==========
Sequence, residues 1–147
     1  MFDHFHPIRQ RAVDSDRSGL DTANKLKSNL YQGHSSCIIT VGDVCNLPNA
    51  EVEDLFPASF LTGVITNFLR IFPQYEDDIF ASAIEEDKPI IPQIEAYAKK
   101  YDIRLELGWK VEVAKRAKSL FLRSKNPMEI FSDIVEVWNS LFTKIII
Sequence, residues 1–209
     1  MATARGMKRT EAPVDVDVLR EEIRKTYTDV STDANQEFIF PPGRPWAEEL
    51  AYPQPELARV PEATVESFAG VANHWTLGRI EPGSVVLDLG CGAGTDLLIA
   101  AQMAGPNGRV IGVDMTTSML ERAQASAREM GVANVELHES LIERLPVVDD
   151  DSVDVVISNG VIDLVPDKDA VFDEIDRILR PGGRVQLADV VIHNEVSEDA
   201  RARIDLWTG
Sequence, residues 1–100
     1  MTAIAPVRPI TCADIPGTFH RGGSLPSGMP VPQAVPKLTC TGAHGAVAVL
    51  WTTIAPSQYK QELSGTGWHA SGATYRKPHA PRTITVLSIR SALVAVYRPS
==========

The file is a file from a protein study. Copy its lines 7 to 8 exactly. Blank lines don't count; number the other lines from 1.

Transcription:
    51  AYPQPELARV PEATVESFAG VANHWTLGRI EPGSVVLDLG CGAGTDLLIA
   101  AQMAGPNGRV IGVDMTTSML ERAQASAREM GVANVELHES LIERLPVVDD